The generation plant consists of a Francis turbine, synchronous induction generator, high voltage switchgear, transformers and grid connection. Due to the fact that there are two high-pressure intakes the flow control is governed by the output power reference not the net head. The scheme water to wire efficiency (including the penstock) is 83%, which is some 4% better than the concept calculations.
The scheme is designed to be left unattended in normal operation and requires routine maintenance visits only. Operation of the generation plant is completely automatic, but remains under the control of a remote Generation Control Room at Perth. This is achieved by a sophisticated control and SCADA system. This system has been developed and tested to ensure that it has sufficient robustness to meet the stringent availability requirements of the scheme without compromising the integrity of the plant.
The penstock was by far the largest part of the civil works. GRP pipelines result in a considerable cost saving compared to steel pipelines, but great care was required in the alignment of the push fit joints which must comply with the manufacturer’s prescribed tolerances in order to sustain the design pressures. Particular attention needed to be paid on steep slopes to ensure that the pipeline sections are stable and joints will not move. The arrangements for testing of the penstock also required careful design to ensure that test ends are capable of sustaining the applied loads and that the lengths tested allow any defects to be located relatively easily. Once completed the GRP pipeline offers a long period of maintenance free operation.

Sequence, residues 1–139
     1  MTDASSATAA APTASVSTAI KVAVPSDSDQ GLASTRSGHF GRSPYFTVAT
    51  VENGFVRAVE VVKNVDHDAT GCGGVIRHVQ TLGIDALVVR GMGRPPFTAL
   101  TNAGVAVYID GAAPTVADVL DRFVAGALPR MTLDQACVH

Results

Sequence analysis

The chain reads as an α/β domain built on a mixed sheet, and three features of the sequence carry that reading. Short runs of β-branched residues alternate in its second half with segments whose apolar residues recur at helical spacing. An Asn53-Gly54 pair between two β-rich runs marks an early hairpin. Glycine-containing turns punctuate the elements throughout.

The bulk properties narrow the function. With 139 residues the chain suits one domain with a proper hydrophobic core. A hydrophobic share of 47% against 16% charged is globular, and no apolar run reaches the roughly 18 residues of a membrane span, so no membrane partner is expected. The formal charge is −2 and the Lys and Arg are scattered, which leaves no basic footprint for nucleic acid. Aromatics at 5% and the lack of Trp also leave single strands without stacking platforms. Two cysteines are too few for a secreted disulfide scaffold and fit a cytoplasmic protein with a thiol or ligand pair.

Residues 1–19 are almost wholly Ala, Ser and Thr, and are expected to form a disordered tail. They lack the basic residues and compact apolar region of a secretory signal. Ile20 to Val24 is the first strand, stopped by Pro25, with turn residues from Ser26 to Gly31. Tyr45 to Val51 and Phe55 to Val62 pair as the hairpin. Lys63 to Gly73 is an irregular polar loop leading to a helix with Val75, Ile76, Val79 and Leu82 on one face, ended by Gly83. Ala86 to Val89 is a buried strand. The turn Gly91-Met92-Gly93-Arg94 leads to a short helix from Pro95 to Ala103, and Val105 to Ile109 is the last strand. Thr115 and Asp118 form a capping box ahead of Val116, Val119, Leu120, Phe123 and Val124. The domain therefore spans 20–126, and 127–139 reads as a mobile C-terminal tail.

The dam is a 6m high concrete gravity structure 100m long incorporating the intake in the left abutment and fish pass structure in the right abutment. The spillway takes the form of precast concrete ogee units fixed to a reinforced concrete cast in situ wall. 1.6 km of the B8043 adjacent to the new reservoir was diverted because the existing road was inundated by the reservoir. This provides a major improvement to the local road network and greatly reduces the risk of flooding which was a frequent occurrence on the old road.